I stepped out of a steamy cab yesterday after having spent the whole day at the cloud computing conference and felt as if I had entered civilization (I love the cloud community, but I love SoHo more, I think). It’s hot, it’s summer, and people are relaxed in open-windowed restaurants with glasses of wine and beer, and iced water. And everywhere you go, bits of conversation fill the air. There’s a sense of community, but it’s perfectly okay to ignore everyone. I love it.

I was meeting my friends Robin and Mark at 12 Chairs Cafe on 56 MacDougal, on the border of SoHo and the West Village. Robin described the restaurant as Israeli-ish. There were numerous Mediterranean elements, but lots to choose from that was strictly Israeli, including the Gamla Sauvignon Blanc I drank.

We sat by the window and immediately dove into easy conversation, as one does with friends, and began ordering.
I started with Israeli guacamole, accompanied by toasted wedges with lots of paprika. Fabulous. Really. And what is Israeli guacamole, you ask? It has egg in it.  It could have used a bit more salt for my taste, but I made a decision not to add salt and just enjoy it for what it was. 

We also received at the table olives, which were fantastic. I didn’t ask (I often don’t) but I tasted a hint of hot pepper.

For the main course, I got the lamb burger, extra dead (as Woody Allen might describe it), and that was a mistake. The meat was cooked just as I like it, but the outside was charred. Perhaps next time I’ll say “dead” instead of “extra dead”. Regardless, it was delicious. It came with the restaurant’s own version of a Thousand Island sauce, with a spicy kick. Had they placed a larger bowl of the sauce next to my plate, I would have finished it. It was delicious.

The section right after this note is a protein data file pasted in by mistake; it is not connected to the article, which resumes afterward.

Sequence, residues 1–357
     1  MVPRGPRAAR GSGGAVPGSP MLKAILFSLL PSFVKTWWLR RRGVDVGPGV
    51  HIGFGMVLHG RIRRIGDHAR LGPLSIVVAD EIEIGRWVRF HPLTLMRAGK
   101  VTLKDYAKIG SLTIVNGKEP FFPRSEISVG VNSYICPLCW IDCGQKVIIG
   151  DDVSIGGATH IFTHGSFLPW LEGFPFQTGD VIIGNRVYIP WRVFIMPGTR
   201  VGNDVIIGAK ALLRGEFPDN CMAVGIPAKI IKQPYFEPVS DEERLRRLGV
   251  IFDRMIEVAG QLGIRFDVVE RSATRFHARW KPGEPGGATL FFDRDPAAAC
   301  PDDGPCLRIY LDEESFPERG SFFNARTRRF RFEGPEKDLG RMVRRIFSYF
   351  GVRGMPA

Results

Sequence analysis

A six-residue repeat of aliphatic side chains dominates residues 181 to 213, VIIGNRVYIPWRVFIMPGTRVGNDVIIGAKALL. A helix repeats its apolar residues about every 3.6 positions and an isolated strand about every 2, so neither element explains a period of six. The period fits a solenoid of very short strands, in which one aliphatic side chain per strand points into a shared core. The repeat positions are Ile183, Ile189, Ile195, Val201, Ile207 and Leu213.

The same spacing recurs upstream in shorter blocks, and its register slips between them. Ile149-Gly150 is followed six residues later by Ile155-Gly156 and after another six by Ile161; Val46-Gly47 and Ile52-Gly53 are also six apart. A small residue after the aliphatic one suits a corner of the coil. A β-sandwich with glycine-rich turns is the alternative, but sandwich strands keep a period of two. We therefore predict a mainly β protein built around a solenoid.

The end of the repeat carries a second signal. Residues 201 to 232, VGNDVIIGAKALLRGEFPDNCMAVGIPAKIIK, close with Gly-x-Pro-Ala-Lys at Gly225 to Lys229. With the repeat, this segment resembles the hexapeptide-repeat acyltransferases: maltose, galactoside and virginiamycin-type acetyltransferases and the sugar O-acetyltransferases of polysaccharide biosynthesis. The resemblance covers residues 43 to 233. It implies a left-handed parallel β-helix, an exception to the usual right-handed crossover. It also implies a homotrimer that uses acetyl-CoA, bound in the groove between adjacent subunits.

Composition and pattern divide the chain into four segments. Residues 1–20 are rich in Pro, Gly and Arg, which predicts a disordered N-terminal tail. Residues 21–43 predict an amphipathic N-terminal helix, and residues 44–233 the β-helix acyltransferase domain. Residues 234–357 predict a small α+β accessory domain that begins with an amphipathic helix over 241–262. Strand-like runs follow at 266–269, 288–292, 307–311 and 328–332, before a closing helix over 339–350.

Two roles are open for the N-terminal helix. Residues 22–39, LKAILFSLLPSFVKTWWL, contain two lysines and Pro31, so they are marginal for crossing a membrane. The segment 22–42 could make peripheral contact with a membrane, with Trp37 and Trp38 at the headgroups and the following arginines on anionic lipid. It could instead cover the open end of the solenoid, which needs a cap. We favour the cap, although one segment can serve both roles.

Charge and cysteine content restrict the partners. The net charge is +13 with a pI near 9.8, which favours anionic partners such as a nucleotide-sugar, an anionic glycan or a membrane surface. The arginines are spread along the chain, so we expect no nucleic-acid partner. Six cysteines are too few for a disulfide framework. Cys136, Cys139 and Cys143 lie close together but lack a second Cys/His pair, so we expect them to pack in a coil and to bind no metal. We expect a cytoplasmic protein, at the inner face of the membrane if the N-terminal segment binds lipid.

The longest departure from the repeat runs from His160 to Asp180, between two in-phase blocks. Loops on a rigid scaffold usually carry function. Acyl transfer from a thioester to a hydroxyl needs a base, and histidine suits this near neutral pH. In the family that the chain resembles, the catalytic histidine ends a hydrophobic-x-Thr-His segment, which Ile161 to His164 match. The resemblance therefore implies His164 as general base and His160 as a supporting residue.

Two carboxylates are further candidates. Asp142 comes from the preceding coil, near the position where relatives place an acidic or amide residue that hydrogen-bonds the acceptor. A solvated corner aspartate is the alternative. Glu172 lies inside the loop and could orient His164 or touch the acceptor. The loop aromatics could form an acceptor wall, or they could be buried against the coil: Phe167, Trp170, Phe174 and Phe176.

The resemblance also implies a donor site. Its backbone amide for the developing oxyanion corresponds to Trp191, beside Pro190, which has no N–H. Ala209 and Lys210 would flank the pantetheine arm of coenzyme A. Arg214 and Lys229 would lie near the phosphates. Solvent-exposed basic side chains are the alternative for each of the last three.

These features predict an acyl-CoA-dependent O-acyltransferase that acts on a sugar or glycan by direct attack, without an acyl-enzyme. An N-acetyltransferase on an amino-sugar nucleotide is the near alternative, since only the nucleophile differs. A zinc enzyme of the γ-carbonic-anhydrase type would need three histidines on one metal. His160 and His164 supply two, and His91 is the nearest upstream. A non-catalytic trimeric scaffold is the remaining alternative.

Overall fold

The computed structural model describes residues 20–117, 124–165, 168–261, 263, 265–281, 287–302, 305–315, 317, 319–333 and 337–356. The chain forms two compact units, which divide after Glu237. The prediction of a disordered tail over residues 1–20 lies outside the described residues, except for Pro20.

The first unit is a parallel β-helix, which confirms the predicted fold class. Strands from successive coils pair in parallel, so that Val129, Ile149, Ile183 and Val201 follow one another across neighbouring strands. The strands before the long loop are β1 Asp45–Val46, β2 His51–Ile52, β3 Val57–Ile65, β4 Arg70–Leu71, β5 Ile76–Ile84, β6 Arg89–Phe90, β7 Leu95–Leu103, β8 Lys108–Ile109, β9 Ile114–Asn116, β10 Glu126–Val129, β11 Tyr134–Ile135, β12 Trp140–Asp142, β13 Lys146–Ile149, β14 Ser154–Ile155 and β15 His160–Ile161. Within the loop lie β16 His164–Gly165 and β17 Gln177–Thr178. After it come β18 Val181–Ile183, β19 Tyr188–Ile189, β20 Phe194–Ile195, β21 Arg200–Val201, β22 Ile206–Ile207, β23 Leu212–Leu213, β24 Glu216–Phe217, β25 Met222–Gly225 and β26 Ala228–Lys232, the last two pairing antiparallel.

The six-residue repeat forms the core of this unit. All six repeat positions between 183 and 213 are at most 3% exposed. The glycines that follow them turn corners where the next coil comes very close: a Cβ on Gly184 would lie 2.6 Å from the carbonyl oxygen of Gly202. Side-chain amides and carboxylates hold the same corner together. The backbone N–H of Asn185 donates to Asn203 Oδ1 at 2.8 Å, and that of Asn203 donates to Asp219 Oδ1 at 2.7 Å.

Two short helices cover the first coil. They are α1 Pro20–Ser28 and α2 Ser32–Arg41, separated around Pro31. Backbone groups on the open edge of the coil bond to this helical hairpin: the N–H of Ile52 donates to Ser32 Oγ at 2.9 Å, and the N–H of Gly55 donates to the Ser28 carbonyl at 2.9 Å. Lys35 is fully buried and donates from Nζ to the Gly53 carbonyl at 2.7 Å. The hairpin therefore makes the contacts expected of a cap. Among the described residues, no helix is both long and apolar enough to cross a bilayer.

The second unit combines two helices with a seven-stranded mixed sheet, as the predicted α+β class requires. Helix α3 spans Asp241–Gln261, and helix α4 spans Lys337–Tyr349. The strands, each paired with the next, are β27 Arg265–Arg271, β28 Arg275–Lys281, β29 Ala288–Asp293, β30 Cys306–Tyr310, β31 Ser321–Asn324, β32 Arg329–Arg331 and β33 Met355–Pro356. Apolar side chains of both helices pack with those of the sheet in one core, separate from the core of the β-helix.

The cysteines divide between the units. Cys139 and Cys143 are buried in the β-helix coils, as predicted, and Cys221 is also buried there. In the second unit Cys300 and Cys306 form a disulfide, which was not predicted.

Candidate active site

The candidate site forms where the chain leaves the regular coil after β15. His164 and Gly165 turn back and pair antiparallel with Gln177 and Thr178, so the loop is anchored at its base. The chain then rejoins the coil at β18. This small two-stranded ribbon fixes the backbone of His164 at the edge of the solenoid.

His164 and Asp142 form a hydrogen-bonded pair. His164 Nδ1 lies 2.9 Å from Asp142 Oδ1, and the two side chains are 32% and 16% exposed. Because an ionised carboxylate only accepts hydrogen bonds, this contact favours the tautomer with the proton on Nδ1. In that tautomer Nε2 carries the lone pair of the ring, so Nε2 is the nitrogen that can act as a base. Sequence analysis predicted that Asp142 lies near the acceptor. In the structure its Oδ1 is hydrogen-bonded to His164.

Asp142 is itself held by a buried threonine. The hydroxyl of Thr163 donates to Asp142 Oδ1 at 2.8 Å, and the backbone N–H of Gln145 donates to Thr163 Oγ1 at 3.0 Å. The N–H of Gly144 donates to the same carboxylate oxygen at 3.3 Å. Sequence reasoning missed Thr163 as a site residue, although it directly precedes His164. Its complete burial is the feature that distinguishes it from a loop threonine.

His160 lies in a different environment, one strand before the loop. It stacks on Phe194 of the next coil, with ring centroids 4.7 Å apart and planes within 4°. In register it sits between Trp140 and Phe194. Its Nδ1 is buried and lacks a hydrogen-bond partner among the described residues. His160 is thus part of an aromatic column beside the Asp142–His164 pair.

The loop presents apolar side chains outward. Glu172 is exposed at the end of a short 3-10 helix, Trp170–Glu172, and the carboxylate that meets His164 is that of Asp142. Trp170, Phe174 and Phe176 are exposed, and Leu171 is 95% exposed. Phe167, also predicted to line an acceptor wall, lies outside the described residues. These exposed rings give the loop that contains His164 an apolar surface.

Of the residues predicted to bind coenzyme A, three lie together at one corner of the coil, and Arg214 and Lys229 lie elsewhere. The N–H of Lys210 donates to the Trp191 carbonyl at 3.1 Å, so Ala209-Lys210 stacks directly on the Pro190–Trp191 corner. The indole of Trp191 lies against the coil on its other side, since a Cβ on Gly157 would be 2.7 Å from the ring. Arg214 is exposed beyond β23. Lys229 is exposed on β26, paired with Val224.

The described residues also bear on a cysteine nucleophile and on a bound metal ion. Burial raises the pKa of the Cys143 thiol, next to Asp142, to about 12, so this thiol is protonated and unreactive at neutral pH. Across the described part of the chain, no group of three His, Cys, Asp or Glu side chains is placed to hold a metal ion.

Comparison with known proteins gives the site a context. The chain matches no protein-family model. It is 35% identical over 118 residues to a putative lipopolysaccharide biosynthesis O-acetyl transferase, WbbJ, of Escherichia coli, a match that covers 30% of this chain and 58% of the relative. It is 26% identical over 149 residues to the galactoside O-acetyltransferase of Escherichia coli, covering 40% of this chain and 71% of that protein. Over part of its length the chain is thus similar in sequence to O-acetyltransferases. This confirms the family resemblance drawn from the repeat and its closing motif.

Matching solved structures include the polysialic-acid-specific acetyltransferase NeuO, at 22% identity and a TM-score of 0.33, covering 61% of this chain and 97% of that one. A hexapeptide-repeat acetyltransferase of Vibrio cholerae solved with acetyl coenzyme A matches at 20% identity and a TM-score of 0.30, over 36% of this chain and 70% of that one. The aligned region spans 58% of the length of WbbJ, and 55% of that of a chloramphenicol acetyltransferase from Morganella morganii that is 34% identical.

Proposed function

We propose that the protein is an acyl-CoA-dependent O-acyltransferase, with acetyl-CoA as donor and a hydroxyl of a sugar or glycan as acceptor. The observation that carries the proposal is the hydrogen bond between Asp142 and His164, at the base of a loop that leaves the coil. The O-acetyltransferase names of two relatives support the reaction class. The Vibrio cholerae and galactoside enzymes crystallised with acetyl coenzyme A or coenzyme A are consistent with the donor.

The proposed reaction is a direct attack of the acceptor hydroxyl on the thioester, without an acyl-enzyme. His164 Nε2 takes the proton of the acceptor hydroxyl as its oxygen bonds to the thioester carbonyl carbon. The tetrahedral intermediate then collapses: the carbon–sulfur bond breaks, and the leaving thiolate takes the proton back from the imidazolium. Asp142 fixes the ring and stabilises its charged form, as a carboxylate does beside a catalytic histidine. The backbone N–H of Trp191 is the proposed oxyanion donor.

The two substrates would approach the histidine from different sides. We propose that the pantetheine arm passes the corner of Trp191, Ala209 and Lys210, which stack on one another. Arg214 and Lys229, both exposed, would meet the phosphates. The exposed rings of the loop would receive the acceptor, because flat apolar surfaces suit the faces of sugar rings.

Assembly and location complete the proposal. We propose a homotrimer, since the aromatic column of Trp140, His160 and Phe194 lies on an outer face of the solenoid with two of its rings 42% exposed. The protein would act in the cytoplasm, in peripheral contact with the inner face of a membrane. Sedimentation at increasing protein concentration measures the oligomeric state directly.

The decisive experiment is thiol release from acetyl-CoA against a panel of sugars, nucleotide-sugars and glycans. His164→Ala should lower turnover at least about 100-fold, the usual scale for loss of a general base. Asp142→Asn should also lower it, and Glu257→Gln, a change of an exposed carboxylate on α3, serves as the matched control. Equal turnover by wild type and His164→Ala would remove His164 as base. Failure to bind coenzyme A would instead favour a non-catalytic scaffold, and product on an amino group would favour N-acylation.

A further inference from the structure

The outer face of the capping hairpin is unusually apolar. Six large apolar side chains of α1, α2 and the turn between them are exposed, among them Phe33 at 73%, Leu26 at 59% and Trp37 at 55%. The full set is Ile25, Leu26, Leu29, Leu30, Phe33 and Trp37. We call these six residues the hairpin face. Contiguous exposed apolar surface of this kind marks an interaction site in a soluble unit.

French fries accompanied the burger, and as French fries tend to be, they were filling. Delicious, and filling.

The original owner of 12 Chairs Cafe was Israeli and her daughter loved the Russian book by Ilf and Petrov, The 12 Chairs, hence the name of the restaurant. The story is about two Russian men who learn of a treasure in a chair that is one of a set of 12. They return to Moscow to find the chair but—wouldn’t you know it—the chairs have been separated. A treasure hunt ensues.
The restaurant in its first iteration did indeed have 12 chairs (according to our waitress, who was exceptional).  It has grown certainly, but maintained intimacy. I can imagine coming back in any season. The staff is knowledgeable and friendly, and the acoustics just fine for close-quartered discussions. Go.

12 Chairs Cafe
56 MacDougal St
New York 10012 

(212) 254-8640

Also, Robin's photography blog:

Cloud Computing and Indian Food -- Connected? 06.07.2011